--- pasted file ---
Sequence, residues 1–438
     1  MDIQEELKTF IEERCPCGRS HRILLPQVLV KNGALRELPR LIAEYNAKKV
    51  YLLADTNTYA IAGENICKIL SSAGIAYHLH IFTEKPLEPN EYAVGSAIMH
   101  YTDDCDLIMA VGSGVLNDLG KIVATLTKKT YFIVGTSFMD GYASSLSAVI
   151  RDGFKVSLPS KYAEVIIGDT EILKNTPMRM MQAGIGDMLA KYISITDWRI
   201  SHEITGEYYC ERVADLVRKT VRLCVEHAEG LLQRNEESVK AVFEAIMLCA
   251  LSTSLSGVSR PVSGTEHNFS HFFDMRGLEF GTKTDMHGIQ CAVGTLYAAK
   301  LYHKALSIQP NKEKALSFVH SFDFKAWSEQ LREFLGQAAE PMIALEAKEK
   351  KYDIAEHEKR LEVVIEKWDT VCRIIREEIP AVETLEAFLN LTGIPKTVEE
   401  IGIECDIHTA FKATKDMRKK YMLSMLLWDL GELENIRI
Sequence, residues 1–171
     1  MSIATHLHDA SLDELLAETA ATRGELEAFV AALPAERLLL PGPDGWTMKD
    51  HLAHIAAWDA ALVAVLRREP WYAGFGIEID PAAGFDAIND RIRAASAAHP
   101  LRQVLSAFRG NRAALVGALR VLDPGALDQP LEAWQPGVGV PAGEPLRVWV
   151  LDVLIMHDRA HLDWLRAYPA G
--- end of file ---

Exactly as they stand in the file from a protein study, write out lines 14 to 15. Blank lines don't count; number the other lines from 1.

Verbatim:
   101  LRQVLSAFRG NRAALVGALR VLDPGALDQP LEAWQPGVGV PAGEPLRVWV
   151  LDVLIMHDRA HLDWLRAYPA G